Starlink Prepares Ruggedized User Terminal That Can Avoid “Thermal Shutdown” Problem


A Starlink satellite dish mounted on a roof.
Enlarge / The current Starlink user terminal. Pictures of the planned hardened terminal are not yet available.

star link

SpaceX’s Starlink division is planning a new robust satellite dish that can operate in warmer and cooler temperatures. This is the second hardened Starlink dish the company has revealed: the first is designed for vehicles, ships and aircraft, while the newer is a fixed ground station that would provide buildings with broadband.

SpaceX applied to the Federal Communications Commission for permission to deploy the “high-performance fixed ground stations” (or “HP terminals”) in a application filed on friday. PCMag wrote a article about the app Yesterday.

“Compared to other user terminals that SpaceX Services has been authorized to deploy, the HP model has been hardened to handle harsher environments so, for example, it will be able to continue to operate in more extreme extremes of heat and cold, it will have improved snow /ice melting capabilities and will withstand a greater number of thermal cycles,” SpaceX told the FCC. SpaceX said its application should be approved because the terminals will extend the Starlink network into “a range of much more challenging environments.”

“Granting this request would serve the public interest by authorizing a new class of ground component for the SpaceX satellite system that will enhance the range of broadband capabilities available in the United States, and more particularly, for those in challenging environments where robustness is at a premium.” appropriate…Operation under the requested general license will provide first choice for some and promote competition for others in the market for broadband services,” SpaceX wrote.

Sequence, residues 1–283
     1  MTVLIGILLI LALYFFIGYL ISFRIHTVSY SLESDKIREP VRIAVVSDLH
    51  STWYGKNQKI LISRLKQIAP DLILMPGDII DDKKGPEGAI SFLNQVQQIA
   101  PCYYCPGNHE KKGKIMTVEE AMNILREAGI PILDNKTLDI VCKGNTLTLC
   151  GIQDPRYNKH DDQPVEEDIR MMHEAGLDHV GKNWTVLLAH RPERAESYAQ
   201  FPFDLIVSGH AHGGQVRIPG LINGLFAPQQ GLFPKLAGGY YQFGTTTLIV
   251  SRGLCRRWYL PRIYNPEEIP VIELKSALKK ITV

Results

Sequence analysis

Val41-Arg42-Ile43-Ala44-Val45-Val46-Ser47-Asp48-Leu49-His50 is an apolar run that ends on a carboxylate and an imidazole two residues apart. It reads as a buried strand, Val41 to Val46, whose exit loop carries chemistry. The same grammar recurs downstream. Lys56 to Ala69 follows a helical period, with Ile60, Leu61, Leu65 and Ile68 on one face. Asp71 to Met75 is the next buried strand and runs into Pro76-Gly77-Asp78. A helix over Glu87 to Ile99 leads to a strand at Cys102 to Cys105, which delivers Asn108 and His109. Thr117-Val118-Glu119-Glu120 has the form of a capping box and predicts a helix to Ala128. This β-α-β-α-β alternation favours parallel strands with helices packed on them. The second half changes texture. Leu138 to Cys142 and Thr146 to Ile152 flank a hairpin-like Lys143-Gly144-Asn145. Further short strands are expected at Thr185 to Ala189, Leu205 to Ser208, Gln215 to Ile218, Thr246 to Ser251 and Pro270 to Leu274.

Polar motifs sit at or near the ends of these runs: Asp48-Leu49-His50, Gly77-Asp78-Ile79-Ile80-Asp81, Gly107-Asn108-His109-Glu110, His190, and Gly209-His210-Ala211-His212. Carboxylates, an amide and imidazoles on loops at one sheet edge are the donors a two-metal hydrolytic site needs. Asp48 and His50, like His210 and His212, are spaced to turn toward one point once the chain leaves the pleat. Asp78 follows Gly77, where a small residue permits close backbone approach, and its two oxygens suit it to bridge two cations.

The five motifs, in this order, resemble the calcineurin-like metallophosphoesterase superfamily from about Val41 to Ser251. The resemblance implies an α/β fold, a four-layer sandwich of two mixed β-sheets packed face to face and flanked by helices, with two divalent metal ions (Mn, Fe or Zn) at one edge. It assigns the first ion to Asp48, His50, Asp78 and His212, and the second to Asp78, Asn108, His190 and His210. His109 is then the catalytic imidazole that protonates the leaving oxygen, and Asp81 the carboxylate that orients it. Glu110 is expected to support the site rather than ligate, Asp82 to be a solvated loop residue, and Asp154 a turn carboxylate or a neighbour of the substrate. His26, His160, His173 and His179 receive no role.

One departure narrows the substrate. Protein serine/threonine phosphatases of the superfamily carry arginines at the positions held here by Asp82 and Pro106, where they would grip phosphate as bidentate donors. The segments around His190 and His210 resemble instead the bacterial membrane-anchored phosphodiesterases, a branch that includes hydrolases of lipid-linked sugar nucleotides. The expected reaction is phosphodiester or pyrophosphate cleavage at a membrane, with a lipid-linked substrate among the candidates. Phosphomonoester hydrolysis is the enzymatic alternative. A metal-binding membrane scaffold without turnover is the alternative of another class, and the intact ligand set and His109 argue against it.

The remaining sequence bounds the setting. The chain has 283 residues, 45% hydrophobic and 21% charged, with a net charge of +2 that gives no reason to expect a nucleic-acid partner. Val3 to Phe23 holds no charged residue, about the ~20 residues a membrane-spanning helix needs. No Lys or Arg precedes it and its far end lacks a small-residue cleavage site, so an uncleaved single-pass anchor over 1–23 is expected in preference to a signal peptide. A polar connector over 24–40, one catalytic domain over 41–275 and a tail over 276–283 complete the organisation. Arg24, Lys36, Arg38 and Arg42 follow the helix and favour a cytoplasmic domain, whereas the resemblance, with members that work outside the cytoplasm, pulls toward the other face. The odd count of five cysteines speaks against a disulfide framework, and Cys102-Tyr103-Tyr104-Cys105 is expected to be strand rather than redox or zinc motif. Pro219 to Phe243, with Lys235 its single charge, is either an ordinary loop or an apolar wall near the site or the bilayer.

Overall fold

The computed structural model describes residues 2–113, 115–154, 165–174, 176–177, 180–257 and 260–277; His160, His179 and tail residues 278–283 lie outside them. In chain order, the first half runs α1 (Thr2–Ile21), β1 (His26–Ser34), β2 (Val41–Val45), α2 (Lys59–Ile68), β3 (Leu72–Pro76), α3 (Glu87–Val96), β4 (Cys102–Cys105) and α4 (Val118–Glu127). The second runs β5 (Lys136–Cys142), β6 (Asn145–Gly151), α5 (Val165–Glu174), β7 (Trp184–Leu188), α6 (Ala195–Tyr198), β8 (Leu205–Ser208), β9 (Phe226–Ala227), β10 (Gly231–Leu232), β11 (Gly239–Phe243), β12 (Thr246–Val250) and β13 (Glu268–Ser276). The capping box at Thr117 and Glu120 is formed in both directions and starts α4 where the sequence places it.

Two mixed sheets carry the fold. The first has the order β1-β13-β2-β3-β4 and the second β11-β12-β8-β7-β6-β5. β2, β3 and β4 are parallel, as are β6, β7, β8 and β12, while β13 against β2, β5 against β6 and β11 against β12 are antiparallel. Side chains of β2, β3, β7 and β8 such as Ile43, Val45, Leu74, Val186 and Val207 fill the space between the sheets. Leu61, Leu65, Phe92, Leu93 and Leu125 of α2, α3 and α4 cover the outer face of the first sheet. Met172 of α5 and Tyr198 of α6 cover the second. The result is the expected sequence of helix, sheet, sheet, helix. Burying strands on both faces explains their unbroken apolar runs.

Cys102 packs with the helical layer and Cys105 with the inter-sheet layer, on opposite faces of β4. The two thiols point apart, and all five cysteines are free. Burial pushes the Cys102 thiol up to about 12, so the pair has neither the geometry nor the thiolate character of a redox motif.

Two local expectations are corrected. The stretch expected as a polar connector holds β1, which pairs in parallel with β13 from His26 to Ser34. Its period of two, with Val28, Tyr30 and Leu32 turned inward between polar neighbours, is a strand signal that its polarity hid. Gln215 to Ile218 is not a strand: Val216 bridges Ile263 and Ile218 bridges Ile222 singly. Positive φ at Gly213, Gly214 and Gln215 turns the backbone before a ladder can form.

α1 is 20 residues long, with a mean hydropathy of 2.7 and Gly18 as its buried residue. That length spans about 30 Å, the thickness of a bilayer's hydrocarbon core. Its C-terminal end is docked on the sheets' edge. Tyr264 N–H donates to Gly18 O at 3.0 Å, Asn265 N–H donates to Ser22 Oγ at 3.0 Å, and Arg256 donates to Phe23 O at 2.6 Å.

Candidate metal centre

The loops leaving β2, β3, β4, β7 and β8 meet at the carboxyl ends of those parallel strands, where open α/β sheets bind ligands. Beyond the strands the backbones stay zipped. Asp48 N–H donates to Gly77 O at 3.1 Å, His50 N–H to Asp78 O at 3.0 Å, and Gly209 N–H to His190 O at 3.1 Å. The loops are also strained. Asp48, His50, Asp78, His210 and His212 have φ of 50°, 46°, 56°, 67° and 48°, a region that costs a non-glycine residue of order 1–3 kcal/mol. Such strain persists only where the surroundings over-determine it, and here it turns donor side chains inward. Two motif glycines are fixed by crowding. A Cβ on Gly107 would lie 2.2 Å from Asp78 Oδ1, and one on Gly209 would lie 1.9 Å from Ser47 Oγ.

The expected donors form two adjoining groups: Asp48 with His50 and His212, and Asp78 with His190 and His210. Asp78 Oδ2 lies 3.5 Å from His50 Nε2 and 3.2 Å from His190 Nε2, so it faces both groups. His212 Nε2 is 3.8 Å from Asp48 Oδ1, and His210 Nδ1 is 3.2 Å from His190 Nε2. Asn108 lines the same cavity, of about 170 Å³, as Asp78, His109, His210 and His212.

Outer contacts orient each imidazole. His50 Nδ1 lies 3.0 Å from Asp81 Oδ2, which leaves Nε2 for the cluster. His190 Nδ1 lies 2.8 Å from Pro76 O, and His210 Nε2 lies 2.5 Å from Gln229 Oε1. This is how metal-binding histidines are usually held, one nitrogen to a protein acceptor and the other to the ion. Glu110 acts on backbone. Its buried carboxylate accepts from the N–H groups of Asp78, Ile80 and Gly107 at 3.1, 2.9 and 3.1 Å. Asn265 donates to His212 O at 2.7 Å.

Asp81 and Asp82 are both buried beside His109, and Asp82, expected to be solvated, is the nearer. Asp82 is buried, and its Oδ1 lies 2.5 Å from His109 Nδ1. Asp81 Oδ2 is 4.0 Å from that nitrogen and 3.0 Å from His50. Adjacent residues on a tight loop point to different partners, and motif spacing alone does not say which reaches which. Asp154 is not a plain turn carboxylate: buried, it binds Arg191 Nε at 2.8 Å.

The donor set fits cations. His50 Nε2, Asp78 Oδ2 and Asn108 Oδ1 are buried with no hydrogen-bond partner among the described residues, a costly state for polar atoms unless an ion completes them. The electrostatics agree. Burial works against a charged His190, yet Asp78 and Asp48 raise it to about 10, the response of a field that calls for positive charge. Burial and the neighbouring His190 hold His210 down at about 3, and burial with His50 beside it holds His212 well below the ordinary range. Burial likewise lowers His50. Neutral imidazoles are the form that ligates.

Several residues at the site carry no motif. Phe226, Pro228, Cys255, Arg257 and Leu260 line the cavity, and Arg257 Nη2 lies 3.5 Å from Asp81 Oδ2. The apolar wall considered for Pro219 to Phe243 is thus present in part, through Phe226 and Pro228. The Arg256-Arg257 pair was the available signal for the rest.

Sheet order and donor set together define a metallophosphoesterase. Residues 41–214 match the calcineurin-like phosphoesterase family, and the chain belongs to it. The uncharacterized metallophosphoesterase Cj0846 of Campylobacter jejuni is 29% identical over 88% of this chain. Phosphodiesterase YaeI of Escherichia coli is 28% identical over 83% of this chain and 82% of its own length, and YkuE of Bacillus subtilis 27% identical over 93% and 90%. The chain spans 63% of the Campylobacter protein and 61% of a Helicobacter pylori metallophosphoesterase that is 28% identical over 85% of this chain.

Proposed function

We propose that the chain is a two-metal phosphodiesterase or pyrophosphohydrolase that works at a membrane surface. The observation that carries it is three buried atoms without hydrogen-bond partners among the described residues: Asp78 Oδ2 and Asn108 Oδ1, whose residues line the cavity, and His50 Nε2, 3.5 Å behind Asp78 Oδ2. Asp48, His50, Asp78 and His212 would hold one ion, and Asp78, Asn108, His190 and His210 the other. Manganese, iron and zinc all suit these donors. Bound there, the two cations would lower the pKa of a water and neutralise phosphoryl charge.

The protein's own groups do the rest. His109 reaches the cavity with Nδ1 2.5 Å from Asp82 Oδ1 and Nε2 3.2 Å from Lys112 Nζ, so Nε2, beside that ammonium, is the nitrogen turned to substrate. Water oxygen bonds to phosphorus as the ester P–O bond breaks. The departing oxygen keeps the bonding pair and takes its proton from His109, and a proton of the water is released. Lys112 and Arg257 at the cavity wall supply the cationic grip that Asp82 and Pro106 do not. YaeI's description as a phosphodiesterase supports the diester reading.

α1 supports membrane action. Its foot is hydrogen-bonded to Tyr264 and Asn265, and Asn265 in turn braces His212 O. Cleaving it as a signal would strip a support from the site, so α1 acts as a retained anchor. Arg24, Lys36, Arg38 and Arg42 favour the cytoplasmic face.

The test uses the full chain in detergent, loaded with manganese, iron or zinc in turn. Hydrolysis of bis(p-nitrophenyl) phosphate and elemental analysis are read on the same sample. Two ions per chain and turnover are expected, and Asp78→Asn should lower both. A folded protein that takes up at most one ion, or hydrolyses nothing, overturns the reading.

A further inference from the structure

Terminals sometimes go into “thermal shutdown”

Existing Starlink user terminals go into “thermal shutdown” once they reach 122° Fahrenheit, which has caused outages for some users. Starlink’s standard satellite dishes for home internet users, both the original and newer rectangular models, have an operating temperature range of -22°F to +122°F (-30°C to +50°C) .

It’s unclear if the new rugged handset is only intended for business users or if it would also become an option for home users. SpaceX’s radiation risk analysis suggests it will be deployed in a variety of customer scenarios, but places an emphasis on enterprise customers. “Some HP endpoints will be deployed in occupational/controlled environments, especially for enterprise customers,” he says. While “many installations will be in areas that are inaccessible to the public… it is likely that some HP terminals will also be deployed in general population/uncontrolled environments,” SpaceX wrote.

“Consequently, SpaceX Services will deploy two versions of these terminals that differ only in the software that determines their maximum duty cycle and will ensure that the higher duty cycle is only deployed in areas that are not accessible to the general public,” SpaceX wrote. .

The exact operating temperature range of the planned HP terminals is also unclear. We asked SpaceX questions about the terminal’s operating temperature and potential for domestic use today and will update this article if we hear back.

In addition to the robustness features, the new HP terminals “will operate with higher gain and lower transmission power (thus maintaining a constant EIRP [Effective Isotropic Radiated Power] compared to other SpaceX Services user terminals), [and] a higher scan angle,” the SpaceX app said.

delayed pre-orders

A more pressing question for people who ordered Starlink and haven’t received it yet is when they will finally receive their existing user terminal. SpaceX recently warned that “silicon shortages have delayed production, which has affected our ability to fill orders,” with pre-order estimates for some people pushed back to 2023.

TO Insider report this week said the news site “spoke to more than ten people who have waited nearly 12 months for Starlink internet service” and learned that pre-orders “have received no updates from Elon Musk’s company on when Starlink will be available.” available in your area and if the kit is available. on their way.”


arstechnica.com

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